Well, let’s go over and look at the elements. You know, they get in the car and they drive through this and they get to the section where the monkeys are baboons or whatever they are. They’re all kind of visibly freaked out. And then they all start to surround the car and jump on the car and kind of attack the car, which is horrifying.

Craig: Oh yeah, because baboons. Well can be very violent and very dangerous. And I guess the way that they accomplished this was they drove through and there was somebody sitting in the back. And at first they took a baby baboons thinking that the baboons would be curious and protective and try to get the baby.

Well, the baboons didn’t know, react at all.

Todd: They don’t give a shit about their kids do

Craig: scary. The baby who cares, whatever we’ll make more. Then they took, I guess, like the pack leader of these baboons and put it in the back of the car and the baboons really did freak out. And so, you know, you see this and it is very real.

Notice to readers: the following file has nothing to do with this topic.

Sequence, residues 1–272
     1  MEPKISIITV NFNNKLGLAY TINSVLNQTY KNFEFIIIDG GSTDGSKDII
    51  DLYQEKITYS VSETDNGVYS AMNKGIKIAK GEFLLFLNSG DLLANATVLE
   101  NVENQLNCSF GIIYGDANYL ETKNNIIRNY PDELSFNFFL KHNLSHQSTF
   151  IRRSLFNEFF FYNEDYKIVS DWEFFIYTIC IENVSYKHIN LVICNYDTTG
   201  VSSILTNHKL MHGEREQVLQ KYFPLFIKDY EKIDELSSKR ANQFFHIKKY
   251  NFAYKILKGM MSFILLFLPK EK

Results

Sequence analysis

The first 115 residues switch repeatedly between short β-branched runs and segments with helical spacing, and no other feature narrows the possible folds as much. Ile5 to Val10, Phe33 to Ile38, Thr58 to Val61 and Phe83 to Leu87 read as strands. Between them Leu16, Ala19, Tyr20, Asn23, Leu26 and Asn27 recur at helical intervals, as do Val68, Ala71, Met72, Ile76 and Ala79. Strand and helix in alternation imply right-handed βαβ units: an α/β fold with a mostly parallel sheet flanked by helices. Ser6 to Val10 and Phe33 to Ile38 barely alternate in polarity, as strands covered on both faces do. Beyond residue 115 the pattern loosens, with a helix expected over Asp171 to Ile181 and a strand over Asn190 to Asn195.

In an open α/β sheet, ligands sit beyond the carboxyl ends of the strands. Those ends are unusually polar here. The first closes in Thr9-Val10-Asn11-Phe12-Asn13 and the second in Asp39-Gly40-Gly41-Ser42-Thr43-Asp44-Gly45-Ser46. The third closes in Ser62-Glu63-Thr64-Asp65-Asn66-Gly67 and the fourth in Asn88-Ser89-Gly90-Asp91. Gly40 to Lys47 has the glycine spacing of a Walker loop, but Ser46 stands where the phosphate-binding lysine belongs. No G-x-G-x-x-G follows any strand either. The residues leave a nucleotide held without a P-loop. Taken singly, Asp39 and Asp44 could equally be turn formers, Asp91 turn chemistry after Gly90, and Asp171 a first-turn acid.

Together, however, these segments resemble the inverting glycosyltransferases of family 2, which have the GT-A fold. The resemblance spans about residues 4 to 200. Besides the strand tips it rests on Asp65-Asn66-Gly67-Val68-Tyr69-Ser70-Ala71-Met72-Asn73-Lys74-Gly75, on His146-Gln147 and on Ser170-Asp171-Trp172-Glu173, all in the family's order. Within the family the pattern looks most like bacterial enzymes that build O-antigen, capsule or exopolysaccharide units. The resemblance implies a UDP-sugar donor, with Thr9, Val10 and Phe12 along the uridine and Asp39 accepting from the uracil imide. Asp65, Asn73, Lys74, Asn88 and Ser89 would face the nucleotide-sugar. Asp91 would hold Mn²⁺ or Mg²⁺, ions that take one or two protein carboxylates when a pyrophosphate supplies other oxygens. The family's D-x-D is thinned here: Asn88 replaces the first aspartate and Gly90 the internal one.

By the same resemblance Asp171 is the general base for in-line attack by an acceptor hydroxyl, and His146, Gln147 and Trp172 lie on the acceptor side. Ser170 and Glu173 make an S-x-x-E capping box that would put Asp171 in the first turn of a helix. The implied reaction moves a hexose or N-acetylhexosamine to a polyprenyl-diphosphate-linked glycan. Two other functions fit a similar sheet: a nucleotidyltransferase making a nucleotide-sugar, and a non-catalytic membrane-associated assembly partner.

These baboons. Are attacking this car. And apparently Lee Remick who plays Catherine, she looks terrified and her reactions are genuine as mine would have been. I would have been scared to death like in that situation. Oh, so frightening where just, I understand that automobile glasses stronger than like a window pane is still theirs.

A little thin layer of glass between you and this horde of these violent wild animals, but you know, they get away and then they never talk about it again. Like it’s just all again, it could be coincidence. And actually, were there ever any parts in the movie where you felt sorry for Damien because the kid doesn’t know he’s the devil, right?

Todd: Well, does he, that’s the big question, right? Maybe not, but then he turns around and does that little evil grin every now and then

Craig: yeah.